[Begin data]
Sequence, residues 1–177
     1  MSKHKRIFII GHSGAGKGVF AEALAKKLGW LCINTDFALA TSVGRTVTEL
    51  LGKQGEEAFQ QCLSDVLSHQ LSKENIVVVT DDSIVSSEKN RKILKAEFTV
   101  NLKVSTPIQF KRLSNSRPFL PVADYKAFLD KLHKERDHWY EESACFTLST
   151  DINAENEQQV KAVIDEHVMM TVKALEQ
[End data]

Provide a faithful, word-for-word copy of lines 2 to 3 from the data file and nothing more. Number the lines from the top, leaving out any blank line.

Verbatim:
     1  MSKHKRIFII GHSGAGKGVF AEALAKKLGW LCINTDFALA TSVGRTVTEL
    51  LGKQGEEAFQ QCLSDVLSHQ LSKENIVVVT DDSIVSSEKN RKILKAEFTV